First Third Conversations

Mission Trips – Why spend the money? Why go through the hassle?

By Derek Tronsgard

Last week I was asked “the question.”

You know...The question.   The question that every youth minister and/or pastor is asked whenever they are in the planning stages of a mission trip experience. 

It doesn't matter if you're going to Mexico, New Orleans, Wyoming, or somewhere in-between.  If you are a leader planning a mission trip for youth and you are heading somewhere more than 100 miles from your home-town, someone will ask you the question.

“Why are you going to [insert location here] for a mission trip when we could just stay here?  There's plenty of people here who need help & it would save a lot of hassle and money.”

There it is.  The Question. 

It's a fair point.  So what's the answer?     

When I was first starting out in ministry, I was asked this and never could articulate an answer.  I knew somewhere deep in my gut that there was a reason we needed to go far away, but I never could put it into words.  I never could quite give the asker an answer that satisfied The Asker.

But I knew that year after year, on trip after trip, I witnessed faiths deepened, relationships strengthened, calls discovered, lives re-imagined, spirits ignited, and hearts impassioned.  I even tell people to this day that I first heard my own call to ministry on a Youthworks mission trip in high school.

But can't those things happen with local mission work?  (Yes, they can.)  And isn't there a temptation to turn these sorts of mission trips into “poverty tourism” (Yes, there is.)

So what's the answer!?

There's a great word from German philosophy  - Weltanschauung – that literally means “world view”. And for me, this holds a big part of the answer.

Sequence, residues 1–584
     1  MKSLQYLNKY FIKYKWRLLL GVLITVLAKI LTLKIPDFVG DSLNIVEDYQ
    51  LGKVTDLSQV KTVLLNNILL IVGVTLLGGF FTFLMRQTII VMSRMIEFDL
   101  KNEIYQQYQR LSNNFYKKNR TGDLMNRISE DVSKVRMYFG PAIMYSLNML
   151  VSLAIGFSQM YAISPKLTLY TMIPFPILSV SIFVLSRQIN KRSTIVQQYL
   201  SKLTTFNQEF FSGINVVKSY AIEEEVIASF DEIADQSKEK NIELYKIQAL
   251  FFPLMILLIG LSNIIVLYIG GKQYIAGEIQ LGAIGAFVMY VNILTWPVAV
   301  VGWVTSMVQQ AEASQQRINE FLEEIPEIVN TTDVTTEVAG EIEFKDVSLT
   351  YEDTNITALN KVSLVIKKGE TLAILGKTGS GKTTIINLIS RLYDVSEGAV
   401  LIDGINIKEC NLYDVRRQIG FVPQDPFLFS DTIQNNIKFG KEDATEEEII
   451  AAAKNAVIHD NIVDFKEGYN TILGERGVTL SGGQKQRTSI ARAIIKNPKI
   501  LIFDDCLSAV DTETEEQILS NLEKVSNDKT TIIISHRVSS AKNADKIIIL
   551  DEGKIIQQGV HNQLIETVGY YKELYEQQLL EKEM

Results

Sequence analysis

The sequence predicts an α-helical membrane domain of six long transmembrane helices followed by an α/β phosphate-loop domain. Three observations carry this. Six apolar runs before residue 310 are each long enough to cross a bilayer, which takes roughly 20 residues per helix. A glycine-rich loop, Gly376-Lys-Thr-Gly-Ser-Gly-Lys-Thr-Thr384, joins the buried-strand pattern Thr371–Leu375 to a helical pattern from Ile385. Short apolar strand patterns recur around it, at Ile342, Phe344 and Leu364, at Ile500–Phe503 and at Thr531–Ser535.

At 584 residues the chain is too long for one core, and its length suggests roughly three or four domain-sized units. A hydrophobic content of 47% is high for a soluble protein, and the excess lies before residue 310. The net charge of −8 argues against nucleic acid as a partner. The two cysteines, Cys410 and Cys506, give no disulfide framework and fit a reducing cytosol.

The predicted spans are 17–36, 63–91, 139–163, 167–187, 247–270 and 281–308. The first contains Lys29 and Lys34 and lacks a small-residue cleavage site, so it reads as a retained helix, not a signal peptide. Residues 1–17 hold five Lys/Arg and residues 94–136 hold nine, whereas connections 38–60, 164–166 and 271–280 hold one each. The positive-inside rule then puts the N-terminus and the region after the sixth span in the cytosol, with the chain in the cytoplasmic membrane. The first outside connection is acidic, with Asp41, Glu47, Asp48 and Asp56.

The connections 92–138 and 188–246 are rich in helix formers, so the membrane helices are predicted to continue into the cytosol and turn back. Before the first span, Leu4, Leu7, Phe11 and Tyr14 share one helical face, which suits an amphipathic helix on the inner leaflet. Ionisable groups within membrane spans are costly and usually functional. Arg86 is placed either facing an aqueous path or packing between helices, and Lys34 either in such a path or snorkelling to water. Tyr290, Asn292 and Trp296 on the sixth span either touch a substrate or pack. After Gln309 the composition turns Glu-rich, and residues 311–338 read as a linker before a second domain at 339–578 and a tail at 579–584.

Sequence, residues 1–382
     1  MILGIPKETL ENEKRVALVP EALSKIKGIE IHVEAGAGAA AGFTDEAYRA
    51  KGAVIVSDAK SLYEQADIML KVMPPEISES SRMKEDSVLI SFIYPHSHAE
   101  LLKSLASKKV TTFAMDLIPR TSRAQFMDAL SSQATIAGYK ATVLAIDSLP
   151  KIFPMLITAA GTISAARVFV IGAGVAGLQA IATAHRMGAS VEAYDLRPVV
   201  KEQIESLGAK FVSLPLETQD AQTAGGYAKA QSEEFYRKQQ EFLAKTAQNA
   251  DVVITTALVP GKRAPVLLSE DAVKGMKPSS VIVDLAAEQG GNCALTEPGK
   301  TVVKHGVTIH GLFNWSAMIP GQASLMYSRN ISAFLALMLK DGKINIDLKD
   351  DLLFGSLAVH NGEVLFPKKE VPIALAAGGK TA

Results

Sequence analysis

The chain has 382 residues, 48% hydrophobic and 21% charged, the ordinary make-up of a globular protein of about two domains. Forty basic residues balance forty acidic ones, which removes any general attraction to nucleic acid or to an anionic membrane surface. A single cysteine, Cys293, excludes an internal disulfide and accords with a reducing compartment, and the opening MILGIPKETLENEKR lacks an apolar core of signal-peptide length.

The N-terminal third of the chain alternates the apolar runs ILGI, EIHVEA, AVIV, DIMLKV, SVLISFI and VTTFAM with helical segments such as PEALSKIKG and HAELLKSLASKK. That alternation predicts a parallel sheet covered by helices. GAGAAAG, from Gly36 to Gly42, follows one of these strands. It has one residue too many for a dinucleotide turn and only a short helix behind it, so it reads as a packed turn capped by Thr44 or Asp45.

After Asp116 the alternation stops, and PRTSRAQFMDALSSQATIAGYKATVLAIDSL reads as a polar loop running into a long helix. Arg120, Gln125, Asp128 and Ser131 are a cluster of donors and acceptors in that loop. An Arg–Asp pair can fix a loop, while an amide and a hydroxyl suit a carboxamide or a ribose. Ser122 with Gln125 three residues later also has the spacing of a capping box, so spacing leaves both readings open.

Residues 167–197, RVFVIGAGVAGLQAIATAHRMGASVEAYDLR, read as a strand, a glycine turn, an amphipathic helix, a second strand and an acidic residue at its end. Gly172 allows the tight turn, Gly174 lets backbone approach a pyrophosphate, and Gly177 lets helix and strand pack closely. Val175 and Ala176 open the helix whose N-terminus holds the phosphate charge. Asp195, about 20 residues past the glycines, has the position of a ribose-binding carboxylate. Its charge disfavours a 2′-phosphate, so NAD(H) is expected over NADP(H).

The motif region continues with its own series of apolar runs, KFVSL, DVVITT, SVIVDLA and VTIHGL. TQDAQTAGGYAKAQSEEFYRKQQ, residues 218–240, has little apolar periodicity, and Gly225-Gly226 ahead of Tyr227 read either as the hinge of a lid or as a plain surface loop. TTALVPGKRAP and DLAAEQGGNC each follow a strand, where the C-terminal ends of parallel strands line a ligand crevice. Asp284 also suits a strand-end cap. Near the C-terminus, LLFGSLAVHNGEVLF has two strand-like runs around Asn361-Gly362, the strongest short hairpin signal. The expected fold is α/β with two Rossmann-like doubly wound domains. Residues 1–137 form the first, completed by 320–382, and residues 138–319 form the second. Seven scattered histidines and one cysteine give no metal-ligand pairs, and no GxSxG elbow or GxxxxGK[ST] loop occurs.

The basic idea of weltanschauung – or world view - is that all of us construct our own conception of reality through familiar language, culture, and communities to which we belong.  And the size & scope of our “world view” as individuals expands as we move further away from our own language, culture, and communities.

Have you ever met someone who recently studied abroad and, after returning home, couldn't stop talking about it?   Well, you saw someone's world view growing before your very eyes.

And have you ever had to veer a youth group conversation away from talking about a past trip for fear of leaving other kids out of the loop?  Well, those kids who went on the trip had a shared experience of a growing world view and needed to process it together.

So think, then, about what happens to a kid's weltanschauung when we load them in a van and travel to an unfamiliar place with unfamiliar people with unfamiliar customs who live unfamiliar lives and eat unfamiliar food.  Talk about a chance to grow a world view!

And when we add theology on top of all of that – when we theologically articulate to our trip participants the way in which God's Kingdom and God's Spirit works in these unfamiliar places,  amazing connections start to fire in teenage synapses.  God gives eyes to see as God sees and hearts that beat as God beats and hands that work as Christ works.  And when kids see God at work in a far-away place first, it sometimes makes it easier to see God at work back home.

And while that isn't to say that this can't happen in local missions, too.  But serving Christ while simultaneously expanding world views is powerful, powerful stuff. 

And when perspective and world views are shifted and expanded, our world view is expanded.  It changes.  And when change touches our weltanschauung, home can never look the same again.

So why do we go far away for work that could be done at home?

Great question.   To me it's all about weltanschauung and God's Spirit – expanding our world-view while our Kingdom-View.

But that's just me.  How would you answer?

Join the conversation on!

Derek Tronsgard is the Pastor of Youth and Family Ministry at Good Shepherd Lutheran in Mound, MN where he lives with his wife and Golden Retriever.  He is also a semi-pro nerd who loves fantasy sports and comic books.  You can follow him on Twitter (@derektronsgard).

previous main next